Children who are Deaf or Hard-of-Hearing (DHH) are at-risk for language delays and associated developmental challenges that impact academic, social, and communication skills. Technology Assisted Language Intervention (TALI) is a novel approach that focuses on using augmentative and alternative communication (AAC) as an intervention for children who are DHH. Results from a recent pilot study suggested that TALI may be a viable approach for enhancing spoken language and communication. In this study, we examined the social validity of TALI using interviews and focus groups. We collected qualitative data from parents, caregivers, and professionals working with children who are DHH to gain their perspectives on the feasibility of TALI outside of formal therapy (e.g., school, home, community) and as a supplement to existing spoken and sign language interventions. Participants’ responses were documented through written and audio recordings, and qualitative analysis of focus groups was conducted by researchers in a consensus approach. Parents/caregivers reported that TALI was feasible to implement in home and therapy settings, while professionals suggested that TALI may enhance reading and writing curricula. Professionals also reported that implementing TALI may be challenging to incorporate into manual or total communication academic settings. Overall, results suggest that TALI is a promising, socially valid supplementary intervention for children who are DHH and communicate primarily through spoken language.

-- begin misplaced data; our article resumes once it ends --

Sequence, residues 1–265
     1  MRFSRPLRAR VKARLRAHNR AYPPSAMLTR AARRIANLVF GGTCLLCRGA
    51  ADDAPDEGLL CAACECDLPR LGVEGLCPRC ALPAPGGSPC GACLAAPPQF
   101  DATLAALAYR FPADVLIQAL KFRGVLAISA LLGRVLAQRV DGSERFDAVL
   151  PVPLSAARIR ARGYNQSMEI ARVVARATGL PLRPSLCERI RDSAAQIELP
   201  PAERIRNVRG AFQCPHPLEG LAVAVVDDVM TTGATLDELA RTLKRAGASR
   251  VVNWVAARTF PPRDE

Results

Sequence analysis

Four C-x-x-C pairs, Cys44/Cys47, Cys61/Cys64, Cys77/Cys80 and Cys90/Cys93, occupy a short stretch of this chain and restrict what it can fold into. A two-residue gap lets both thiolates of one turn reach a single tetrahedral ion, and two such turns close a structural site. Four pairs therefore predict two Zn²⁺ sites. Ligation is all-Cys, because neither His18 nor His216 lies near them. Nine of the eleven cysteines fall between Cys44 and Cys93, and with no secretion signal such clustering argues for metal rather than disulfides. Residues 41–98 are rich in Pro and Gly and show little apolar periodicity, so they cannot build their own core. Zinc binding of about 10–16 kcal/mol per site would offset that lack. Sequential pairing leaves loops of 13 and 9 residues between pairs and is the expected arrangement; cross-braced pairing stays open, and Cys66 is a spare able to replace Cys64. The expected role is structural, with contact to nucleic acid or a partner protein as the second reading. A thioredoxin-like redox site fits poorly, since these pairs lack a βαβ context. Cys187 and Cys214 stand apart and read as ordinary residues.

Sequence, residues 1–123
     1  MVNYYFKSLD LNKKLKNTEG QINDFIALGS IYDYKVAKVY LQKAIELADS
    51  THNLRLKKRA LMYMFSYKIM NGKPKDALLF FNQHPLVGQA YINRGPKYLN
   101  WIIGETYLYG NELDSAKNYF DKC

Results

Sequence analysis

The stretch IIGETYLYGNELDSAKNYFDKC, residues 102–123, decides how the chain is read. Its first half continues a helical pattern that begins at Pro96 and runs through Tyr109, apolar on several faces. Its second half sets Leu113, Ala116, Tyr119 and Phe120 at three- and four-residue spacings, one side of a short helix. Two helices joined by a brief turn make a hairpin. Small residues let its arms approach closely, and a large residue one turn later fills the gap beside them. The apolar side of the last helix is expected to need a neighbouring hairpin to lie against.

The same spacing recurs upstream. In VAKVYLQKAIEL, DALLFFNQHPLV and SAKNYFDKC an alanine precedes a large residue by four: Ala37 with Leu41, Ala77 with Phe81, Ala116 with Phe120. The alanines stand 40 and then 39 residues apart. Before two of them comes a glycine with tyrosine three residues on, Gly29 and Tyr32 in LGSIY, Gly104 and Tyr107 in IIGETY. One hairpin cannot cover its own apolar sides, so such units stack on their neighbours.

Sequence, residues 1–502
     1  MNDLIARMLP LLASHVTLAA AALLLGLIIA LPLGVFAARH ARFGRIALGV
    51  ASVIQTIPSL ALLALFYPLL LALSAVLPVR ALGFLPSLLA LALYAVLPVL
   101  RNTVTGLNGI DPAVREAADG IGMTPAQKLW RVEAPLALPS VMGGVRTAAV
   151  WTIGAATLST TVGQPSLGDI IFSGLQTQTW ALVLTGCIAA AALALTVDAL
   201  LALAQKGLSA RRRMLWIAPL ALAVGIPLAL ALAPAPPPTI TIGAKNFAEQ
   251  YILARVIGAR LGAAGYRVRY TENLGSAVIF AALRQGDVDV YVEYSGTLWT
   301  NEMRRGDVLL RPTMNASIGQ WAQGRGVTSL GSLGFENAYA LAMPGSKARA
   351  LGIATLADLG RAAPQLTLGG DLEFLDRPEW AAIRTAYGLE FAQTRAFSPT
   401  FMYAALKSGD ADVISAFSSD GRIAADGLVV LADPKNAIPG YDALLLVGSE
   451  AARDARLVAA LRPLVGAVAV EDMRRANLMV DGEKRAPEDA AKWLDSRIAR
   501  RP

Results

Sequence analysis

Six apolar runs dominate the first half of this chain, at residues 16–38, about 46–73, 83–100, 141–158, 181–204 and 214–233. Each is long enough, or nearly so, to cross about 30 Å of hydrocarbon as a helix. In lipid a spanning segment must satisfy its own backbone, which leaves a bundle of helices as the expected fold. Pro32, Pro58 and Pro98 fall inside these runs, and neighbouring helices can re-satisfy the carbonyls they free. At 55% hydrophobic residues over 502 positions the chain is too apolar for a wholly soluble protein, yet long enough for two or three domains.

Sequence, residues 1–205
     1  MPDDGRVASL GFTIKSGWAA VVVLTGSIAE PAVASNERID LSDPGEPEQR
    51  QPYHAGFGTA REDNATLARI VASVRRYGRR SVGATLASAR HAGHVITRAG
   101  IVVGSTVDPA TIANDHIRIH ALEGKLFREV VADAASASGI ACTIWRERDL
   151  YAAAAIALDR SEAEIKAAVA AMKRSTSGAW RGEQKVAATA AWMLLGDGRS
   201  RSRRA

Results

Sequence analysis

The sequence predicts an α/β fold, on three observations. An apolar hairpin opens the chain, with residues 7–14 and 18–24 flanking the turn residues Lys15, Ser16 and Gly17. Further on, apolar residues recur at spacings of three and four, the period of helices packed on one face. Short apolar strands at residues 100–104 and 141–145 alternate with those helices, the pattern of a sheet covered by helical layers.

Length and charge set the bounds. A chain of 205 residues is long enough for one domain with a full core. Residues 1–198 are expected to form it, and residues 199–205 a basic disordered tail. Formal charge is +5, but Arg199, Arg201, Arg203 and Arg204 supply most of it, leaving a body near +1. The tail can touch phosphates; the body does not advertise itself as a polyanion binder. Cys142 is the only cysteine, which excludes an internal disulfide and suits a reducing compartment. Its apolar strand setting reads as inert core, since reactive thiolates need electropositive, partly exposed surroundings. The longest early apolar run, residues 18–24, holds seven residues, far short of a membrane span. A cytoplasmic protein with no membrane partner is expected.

Grether, S. Hunter, L. L. Gibler, R. C. Wiley, S. Wysocki, B. Desai, R. & Meinzen-Derr, J. (2019). Social Validity of Technology Assisted Spoken Language Intervention for Deaf and Hard-of-Hearing Children. Journal of Early Hearing Detection and Intervention, 4(3). DOI: https://doi.org/10.26077/m98z-sj93
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